“It’s driver responsibility”: Horry County leads the state in deadly wrecks

Horry Fatal Crashes

HORRY COUNTY, S.C. (WMBF) - The latest numbers coming in from South Carolina Department of Public Safety shows Horry County tops the rest of the counties in traffic fatalities so far this year.

A study from A Secure Life, a home and personal security website, released in July ranked Highway 17 as the state’s most dangerous highway for summer travel. State troopers also added that Highway 501 and Highway 544 are the most congested areas on the roads, which can lead to a higher risk of accidents in general.

As of Oct. 6, 2019, the South Carolina Department of Public Safety reports 738 people have died on highways in our state.

In Horry County, 62 people have died in crashes. At this time in 2018, the agency reported that there were 51 deadly wrecks. The most recent crash happened on Tuesday night in the Loris area. This places Horry County at the top of the list with the most deadly wrecks reported so far this year than any other county.

Cpl. Sonny Collins with South Carolina Highway Patrol said there are a number of factors that could be behind the uptick in deadly wrecks. He pointed out that Horry County typically ranks in the top five around the state, just by sheer volume of travelers that visit every year for major events like Bike Week and Carolina Country Music Festival. He noted with the increase of visitors in the area, the risk of traffic collisions rise as well as fatalities.

The number of motorcyclist and bicyclist deaths in the state have also gone up from last year. Collins said out of the 62 traffic fatalities in Horry County, highway patrol reports 10 of those were pedestrians and 12 of those fatalities were DUI related.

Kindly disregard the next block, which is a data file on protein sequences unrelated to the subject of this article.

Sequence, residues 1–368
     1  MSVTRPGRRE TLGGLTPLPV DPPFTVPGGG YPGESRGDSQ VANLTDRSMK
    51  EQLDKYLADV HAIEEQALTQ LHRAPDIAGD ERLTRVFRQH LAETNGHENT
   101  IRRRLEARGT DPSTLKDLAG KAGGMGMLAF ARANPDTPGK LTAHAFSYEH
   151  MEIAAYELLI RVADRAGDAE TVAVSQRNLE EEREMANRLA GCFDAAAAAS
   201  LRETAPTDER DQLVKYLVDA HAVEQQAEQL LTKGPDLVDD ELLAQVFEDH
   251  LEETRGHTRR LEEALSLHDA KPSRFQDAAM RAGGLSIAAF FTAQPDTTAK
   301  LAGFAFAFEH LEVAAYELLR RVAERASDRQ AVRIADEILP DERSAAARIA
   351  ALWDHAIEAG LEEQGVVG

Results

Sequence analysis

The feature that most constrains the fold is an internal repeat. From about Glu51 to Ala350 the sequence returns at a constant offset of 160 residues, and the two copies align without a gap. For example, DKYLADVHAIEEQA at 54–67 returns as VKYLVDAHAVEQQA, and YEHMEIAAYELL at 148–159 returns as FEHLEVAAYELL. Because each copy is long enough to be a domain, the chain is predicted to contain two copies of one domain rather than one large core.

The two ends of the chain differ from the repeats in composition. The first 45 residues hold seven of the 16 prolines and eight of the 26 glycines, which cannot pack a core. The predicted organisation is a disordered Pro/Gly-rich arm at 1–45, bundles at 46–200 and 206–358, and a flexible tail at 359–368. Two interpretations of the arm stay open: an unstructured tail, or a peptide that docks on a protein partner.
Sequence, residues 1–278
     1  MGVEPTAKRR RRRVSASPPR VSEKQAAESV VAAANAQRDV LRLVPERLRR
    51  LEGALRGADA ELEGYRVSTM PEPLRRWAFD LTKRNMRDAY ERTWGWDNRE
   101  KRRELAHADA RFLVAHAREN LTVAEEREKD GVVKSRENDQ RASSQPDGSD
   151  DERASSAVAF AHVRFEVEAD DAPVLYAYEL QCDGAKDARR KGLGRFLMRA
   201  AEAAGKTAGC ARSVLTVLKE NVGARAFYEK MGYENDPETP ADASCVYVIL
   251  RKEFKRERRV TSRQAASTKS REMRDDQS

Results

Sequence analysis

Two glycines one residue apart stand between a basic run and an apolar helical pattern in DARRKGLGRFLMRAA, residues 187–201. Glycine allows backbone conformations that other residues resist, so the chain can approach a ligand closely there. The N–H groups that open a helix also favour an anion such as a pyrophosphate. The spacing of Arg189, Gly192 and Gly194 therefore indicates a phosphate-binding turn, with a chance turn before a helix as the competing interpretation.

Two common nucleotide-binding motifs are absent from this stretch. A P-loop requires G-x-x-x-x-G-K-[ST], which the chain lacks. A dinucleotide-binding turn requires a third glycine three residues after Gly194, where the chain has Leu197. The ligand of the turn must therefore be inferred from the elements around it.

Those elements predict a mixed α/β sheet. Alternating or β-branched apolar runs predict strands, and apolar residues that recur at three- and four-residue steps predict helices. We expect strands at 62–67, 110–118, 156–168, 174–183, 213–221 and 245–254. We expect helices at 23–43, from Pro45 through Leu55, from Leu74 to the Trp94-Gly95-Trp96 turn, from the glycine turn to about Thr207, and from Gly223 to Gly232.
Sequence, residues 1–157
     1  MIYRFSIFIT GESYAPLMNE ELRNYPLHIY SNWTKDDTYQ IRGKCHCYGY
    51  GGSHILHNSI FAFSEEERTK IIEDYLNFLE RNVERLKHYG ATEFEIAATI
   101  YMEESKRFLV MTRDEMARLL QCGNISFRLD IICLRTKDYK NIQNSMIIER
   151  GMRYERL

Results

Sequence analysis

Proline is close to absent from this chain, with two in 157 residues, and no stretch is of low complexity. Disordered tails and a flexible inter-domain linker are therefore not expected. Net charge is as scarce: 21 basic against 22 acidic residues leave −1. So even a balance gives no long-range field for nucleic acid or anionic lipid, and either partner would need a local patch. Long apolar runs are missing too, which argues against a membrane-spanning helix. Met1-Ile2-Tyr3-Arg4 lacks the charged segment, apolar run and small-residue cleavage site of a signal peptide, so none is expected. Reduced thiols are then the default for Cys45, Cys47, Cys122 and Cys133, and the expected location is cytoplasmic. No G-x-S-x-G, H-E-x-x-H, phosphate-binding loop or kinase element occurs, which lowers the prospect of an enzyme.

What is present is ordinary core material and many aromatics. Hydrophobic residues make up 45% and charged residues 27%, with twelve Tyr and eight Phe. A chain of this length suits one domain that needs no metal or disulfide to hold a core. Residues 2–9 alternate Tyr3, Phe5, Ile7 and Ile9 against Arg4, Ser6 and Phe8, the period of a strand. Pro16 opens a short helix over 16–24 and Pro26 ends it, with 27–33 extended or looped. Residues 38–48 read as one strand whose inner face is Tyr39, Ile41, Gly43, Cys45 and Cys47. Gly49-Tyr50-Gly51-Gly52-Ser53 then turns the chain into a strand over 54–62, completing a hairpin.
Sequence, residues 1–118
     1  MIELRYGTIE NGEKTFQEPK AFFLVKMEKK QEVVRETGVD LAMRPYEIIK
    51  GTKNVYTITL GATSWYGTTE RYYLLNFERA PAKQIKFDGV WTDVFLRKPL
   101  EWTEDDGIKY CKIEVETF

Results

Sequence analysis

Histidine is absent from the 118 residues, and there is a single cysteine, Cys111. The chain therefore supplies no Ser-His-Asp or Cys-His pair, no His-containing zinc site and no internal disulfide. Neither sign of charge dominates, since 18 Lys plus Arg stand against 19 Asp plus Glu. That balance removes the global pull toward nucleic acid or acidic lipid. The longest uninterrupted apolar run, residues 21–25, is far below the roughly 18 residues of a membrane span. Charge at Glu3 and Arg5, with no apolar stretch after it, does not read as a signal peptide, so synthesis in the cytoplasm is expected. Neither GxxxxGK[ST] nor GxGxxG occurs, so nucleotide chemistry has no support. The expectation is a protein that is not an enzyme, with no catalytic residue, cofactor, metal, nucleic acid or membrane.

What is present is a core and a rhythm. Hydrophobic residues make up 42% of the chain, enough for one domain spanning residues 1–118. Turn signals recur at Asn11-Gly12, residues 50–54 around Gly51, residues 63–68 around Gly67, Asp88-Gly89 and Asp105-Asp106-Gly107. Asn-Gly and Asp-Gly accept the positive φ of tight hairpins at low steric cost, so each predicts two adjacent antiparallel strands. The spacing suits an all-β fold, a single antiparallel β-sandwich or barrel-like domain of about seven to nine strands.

“So, when you start looking at various causes, speeding will always be a major contributor but then when you start looking at other things such as DUI, pedestrians in the road, those type of occurrences, that’s when you start seeing your fatalities go up when you do see a spike in those trends such as that. So that’s something we combat every day, we look at those changes and see exactly what’s causing the crashes, what we can do, whether it’s sending troopers to a certain part of the county, whether it’s looking for those violations, it’s an ongoing process that we look at daily,” said Collins.

Now that we're noticing cooler temperatures, more people will be out and about taking advantage of the nice weather. That's why troopers stress drivers and pedestrians to take extra precautions while out on the roads this time of year.

“It's driver responsibility. When you get in your car, you need to make sure that you're being responsible to wear your seatbelts, that you're obeying the speed limit, you're putting the distractions down, you're not drinking and driving, you're not speeding. These crashes, the road is not causing the crash, it’s the driver’s actions on the road. So, when we look at reducing fatalities, we have to look back at the driver's seat and we all have to do our job every day to make sure that our commute’s safe... and if we will all do that, then those numbers will go down because everybody's driving behavior becomes better,” said Collins.

With Halloween approaching at the end of October, highway patrol will focus on pedestrian safety as we move through the rest of the month.

For any concerns out on the roads, call *HP.

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